It is not much of a challenge for us in the West to perceive the rise of modern liberal democracy as the predestined fate for our nations, similar to the view of the steady establishment of the present-day nation-state. This deterministic attitude deletes not merely all other possible options, but also neatly puts an end to history, at least in our little corner of the globe. In democracy humanity found its home, which all our fellow sapiens in time will come to understand. The multiple-lane highway of world history, with its many dead-end streets and serious accidents, ends in a single narrow, perfectly paved, and signposted road, with little need for maintenance. Beyond the sarcasm is a genuine wish – from me and presumably many others like me – that this is a truthful writing of history. But alas, poor Westerners, how often wishful thoughts are left unfulfilled…
The previous Cold War, which ended around thirty years ago, was anyhow won by us. But in the enlightening glow of afterthought, it did not turn out to be the end of authoritarian and totalitarian governments, as many suspected. It was primarily the command economy that had to give way to the free market and capitalism. Democracy did not automatically come about just because of that, which was also something many believed. Nowadays, it is common knowledge that more than simply a democratic constitution is required for a nation to be a fully functioning democracy. We need only to mention countries such as Russia, the Philippines or why not Italy to get a fairly clear picture that there needs to be a practical anchoring that makes democracy permeate the whole of society, even down to the individual level, for a true democracy to occur and to prosper. And now, when I would argue that there is a new and perhaps hotter cold war raging, democracy once again faces tyranny. This time no economic theories are acting as blindfolds to the fact that the absent battle is that between freedom and its antipode.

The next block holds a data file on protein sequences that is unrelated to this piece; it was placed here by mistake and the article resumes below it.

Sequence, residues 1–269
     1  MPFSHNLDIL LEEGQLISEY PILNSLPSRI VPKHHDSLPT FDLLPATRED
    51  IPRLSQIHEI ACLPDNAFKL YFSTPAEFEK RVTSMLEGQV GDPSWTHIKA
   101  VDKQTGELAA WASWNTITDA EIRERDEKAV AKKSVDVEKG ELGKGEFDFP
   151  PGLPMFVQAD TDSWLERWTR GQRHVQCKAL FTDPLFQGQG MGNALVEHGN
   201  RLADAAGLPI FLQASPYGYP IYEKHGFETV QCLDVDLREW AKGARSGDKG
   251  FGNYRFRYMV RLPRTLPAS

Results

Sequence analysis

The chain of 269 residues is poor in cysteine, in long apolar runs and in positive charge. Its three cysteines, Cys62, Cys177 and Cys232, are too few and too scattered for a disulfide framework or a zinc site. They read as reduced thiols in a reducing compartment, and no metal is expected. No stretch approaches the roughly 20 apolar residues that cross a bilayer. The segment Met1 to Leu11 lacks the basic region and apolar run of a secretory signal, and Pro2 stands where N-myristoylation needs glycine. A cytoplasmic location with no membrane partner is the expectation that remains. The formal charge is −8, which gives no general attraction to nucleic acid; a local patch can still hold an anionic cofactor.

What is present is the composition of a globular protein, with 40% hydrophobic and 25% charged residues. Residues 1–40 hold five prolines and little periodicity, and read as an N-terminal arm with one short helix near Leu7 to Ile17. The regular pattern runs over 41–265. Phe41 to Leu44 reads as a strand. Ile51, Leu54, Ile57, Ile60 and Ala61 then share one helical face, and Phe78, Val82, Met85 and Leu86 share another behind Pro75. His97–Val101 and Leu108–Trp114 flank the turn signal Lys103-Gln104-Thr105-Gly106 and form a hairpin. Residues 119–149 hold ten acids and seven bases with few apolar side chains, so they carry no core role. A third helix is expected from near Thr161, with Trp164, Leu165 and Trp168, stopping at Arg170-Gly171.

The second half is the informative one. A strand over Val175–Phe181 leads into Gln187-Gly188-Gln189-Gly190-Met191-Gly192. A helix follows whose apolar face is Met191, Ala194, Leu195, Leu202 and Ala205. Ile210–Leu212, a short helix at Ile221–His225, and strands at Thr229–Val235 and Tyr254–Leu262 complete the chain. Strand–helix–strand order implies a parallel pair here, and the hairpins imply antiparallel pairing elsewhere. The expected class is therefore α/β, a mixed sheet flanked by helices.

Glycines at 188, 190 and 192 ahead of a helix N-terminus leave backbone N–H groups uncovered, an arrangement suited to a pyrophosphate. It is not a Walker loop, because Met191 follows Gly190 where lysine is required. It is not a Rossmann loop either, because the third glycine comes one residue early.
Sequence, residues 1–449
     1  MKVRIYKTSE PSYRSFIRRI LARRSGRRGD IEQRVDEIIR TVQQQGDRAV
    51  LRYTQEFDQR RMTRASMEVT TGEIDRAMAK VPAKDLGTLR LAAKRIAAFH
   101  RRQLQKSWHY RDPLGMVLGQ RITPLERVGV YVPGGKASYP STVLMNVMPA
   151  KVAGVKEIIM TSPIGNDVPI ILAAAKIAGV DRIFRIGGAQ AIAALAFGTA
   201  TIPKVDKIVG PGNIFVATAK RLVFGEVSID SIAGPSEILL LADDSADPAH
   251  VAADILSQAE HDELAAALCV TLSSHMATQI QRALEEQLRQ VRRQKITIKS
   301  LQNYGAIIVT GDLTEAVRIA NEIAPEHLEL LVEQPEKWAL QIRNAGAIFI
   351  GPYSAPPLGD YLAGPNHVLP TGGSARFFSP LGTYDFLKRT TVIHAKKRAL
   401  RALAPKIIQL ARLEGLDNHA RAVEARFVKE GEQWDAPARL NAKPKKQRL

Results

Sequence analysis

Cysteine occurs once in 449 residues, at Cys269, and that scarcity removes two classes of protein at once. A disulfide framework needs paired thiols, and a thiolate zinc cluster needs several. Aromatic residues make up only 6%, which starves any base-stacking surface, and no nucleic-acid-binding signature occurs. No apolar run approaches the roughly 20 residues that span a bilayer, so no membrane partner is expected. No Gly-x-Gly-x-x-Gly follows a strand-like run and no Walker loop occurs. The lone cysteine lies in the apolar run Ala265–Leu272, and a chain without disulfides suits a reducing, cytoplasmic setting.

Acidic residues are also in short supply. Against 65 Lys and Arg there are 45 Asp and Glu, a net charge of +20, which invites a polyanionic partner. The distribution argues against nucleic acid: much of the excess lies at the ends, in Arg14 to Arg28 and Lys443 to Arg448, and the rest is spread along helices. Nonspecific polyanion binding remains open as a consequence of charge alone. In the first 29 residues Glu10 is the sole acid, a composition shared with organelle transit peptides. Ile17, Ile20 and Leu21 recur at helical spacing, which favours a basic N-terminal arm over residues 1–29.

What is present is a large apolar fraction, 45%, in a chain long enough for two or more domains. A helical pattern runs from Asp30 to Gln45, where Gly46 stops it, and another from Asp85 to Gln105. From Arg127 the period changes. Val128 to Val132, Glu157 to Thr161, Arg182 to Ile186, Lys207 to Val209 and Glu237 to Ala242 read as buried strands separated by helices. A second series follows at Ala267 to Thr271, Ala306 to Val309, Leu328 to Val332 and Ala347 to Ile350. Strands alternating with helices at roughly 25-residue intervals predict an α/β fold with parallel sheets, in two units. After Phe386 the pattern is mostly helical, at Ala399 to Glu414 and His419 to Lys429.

11 percent is a calculation often brought forward when we speak of democracy. That is roughly the percentage of the world’s population that live and hopefully relish their lives in a full-fledged democracy. Sadly, this low number will not likely increase any time soon, but rather decline, which makes democracy an elitist phenomenon reserved largely for white people. An “international community” is not really worth mentioning. Apart from the UN, it is made up of ten, generously two dozen countries at most, and their government’s views on certain questions. But the democracies are still the ones who take the lead in almost all global issues. Hope lingers on the maxim that by setting a good example, the rest of the world will follow, not just on one or more issues, but that the aforementioned insight into the superiority of democracy will come to those not yet convinced in that matter. I for my part cannot see anything wrong with this, quite the opposite in fact. How else would our small minority get our message across in this big, scary, and undemocratic world in which we live?
How then does the future of democracy look outside of Western Europe and North America? Is it even safe here? It might not be called either false and bourgeois or radically liberal rubbish that much these days, but there is nothing that says that for example Sweden’s special position in the world as through and through democratic would survive if the principles of democracy were rocked. For I believe that democracy must be elitist. Not in the excluding and derogatory sense but in that high demands must be set both on countries that are and aspire to be real democracies. A democracy is either orthodox or not a true democracy. Luckily for the Swedes, there are very few available examples of strays from core democratic principles in Sweden, but things look darker in some parts down on the continent. Democracy cannot defend itself by means of violence and simultaneously uphold its legitimacy, which makes its defence more theoretical and thereby more difficult to implement.
In spite of the pessimistic situation in the world as a whole, the EU, NATO, and – not to belittle – the UN, play a pivotal part in world politics and consequently in how democracy as a political system is both perceived and how it evolves. The U.S. should also receive a mention here, but its prominent role as the sole superpower on the world stage probably has a negative rather than positive impact on how democracy is interpreted. So sure, it is largely true that the democratic world appears to be in an outdrawn intellectual struggle against the rest of the world. Yet the rich and technologically advanced democracies control the global market and dominate the political issues that concern all the people on this planet. This duality will for all I know continue in the foreseeable future. In regards to that there might be such a thing as world democracy, it exists through the collective power, both soft and hard, of the Western democracies. But we are still very few and very much alone. We need to close ranks.
By Eric Axner-Norrman